Large drop in early university applications

The number of people applying to universities in the UK as part of the main applications cycle has fallen by 14 per cent compared with last year, new figures show.

November 28, 2012

According to the latest statistics from the Universities and Colleges Admissions Service, there were 8.4 per cent fewer applicants to UK institutions at 19 November this year compared with the same point last year.

However, these figures include those who must apply to university by October each year - such as applicants to Oxbridge and medical schools - which have remained relatively steady year-on-year.

When these statistics are taken out of the figures, the number of applicants to other universities and courses has fallen by 14,513 or 14.1 per cent.

This is despite last year's applicants being the first to face tuition fees of up to £9,000, a factor some thought would cause a one-off dip in applications.

There is still more than a month before the final 15 January deadline faced by most applicants, so the statistics could reflect a decision by more people to delay their application.

In November 2011, the statistics show the number of applicants had dropped by 12.9 per cent compared with 2010, but this gap had narrowed by January 2011.

However, some in the sector have warned that if these latest figures represent a sustained year-on-year fall in applications, it could raise serious questions about the government's policy to triple tuition fees.

Pam Tatlow, chief executive of the Million+ group of new universities, said: "It is very early in the applications cycle and many potential students take time to explore their options but alarm bells should be ringing in government.

"There is now a real risk that the trend towards widening opportunities that has been a feature of university admissions in recent years will be thrown into reverse."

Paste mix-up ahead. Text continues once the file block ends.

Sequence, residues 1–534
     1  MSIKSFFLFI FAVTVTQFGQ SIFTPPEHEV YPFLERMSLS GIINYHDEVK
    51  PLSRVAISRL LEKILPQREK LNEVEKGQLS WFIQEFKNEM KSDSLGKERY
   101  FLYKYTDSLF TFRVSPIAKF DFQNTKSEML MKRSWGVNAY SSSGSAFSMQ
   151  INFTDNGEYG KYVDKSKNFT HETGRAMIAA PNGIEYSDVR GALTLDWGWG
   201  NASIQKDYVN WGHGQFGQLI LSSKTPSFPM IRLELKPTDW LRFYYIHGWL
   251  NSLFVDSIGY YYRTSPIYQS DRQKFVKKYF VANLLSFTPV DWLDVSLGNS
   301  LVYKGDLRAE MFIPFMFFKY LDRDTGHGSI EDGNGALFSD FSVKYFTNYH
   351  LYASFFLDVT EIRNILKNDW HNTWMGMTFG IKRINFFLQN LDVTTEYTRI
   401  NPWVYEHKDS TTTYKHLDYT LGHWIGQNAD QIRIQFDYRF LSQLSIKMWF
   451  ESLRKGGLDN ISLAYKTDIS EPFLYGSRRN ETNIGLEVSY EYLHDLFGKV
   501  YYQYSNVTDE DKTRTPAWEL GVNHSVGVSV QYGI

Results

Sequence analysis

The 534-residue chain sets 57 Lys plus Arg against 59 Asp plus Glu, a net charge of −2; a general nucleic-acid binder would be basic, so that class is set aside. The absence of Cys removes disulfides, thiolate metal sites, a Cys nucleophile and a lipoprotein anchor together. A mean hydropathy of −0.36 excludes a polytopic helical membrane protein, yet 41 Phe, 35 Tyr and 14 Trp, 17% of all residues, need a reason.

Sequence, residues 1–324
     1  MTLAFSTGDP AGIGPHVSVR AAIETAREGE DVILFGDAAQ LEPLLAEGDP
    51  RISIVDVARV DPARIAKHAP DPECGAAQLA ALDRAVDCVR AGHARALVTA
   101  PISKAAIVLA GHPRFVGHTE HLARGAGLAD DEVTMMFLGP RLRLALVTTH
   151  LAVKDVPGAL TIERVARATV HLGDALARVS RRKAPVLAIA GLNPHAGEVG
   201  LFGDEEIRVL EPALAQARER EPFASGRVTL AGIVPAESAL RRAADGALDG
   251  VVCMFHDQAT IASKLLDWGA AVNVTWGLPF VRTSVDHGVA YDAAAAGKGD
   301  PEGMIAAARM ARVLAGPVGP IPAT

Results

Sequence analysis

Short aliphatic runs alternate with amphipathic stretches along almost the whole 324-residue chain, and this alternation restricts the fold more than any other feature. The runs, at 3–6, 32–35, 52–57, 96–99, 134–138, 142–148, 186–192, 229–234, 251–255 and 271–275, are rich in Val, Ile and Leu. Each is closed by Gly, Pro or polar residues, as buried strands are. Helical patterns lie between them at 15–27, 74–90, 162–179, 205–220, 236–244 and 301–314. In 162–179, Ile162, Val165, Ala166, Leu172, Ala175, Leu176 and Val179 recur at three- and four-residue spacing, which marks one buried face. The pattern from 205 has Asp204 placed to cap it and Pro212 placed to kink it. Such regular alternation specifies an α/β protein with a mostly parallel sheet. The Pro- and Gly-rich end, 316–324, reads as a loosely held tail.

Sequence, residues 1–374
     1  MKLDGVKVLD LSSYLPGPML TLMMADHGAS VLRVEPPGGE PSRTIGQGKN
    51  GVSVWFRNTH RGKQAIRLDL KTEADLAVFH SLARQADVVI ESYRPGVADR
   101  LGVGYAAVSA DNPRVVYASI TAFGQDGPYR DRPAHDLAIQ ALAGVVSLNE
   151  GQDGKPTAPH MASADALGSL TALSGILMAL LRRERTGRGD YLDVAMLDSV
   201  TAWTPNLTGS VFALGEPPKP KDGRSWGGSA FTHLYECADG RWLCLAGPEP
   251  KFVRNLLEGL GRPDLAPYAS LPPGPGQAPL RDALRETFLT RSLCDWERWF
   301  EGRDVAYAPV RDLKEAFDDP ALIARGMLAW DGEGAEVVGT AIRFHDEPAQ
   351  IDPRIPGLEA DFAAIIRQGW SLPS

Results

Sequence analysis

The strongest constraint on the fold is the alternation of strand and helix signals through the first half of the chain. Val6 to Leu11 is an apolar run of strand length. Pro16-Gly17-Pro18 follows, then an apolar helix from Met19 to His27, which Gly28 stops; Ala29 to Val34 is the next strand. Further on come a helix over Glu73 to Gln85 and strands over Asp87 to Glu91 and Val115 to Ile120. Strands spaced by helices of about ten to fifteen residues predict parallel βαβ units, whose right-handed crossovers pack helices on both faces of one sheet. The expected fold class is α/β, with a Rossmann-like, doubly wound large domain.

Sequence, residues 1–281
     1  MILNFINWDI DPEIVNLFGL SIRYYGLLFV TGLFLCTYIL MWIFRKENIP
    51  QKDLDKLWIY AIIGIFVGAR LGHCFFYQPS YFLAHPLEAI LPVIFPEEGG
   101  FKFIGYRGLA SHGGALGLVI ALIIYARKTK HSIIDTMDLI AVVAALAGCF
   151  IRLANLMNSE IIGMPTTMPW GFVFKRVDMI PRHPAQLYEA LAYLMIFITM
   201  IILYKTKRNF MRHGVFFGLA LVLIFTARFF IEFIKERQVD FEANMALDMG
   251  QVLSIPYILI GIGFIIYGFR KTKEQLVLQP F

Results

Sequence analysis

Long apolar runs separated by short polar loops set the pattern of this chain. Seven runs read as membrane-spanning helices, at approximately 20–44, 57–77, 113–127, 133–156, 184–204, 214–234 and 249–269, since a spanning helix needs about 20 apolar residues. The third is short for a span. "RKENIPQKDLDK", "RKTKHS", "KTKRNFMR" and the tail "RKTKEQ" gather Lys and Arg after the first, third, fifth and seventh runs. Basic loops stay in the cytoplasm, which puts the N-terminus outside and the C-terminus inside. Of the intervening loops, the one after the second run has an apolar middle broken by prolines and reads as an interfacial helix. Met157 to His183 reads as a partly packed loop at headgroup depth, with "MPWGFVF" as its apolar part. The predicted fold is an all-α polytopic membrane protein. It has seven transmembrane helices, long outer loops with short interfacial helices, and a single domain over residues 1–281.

Liam Burns, president of the National Union of Students, said although the data represented "early numbers" the government "should now finally admit that its higher education policies are having a significant impact on application behaviour".

But Nicola Dandridge, chief executive of Universities UK, said people should "refrain" from drawing too many conclusions from the latest figures.

"Prospective students still have a month and a half to make their applications in time for the Ucas deadline in mid-January.

"This time last year predictions were being made that demand would drop rapidly, but by January applicant figures had rallied and overall applications by the end of the cycle were not down by as much as many had feared."

A spokeswoman for the Department for Business, Innovation and Skills, said: "It is too early in this year's application cycle to drawn any firm conclusions.

"Numbers are down across the devolved administrations and November has historically been a poor guide to changes in applications at the 15 January deadline as Ucas make clear in their publication."

simon.baker@tsleducation.com

You've reached your article limit

Register to continue

Registration is free and only takes a moment. Once registered you can read a total of 10 articles each month, plus:

  • Sign up for the editor's highlights
  • Receive World University Rankings news first
  • Get job alerts, shortlist jobs and save job searches
  • Participate in reader discussions and post comments
Register

Have your say

Log in or register to post comments

Featured Jobs

Research Grant Writer UNIVERSITY OF MANCHESTER
Senior Manager (Projects and Space) ST MARYS UNIVERSITY, TWICKENHAM
Academic Solutions Assistant UNIVERSITY OF GREENWICH

Most Commented

Elly Walton illustration (7 July 2016)

Researchers in the liberal arts seem to have made it their mission to communicate in the most obscure fashion, says Zachary Foster

Daniel Mitchell illustration (14 July 2016)

Frank Furedi says the mournful mood on campus and the disparagement and silencing of Leave supporters betray an isolated scholarly class

Michael Parkin illustration (7 July 2016)

Rising immigration-related costs and lack of employer support send an unwelcoming message to international staff, says Jason Danely

Female Brazilian football/soccer fan celebrating with flag of Brazil, Best universities in Latin America

Brazil leads Times Higher Education’s debut ranking of the top universities in Latin America

People walk past second hand books for sale

Shift may be evidence that researchers feel they are increasingly judged on citations and journal impact factors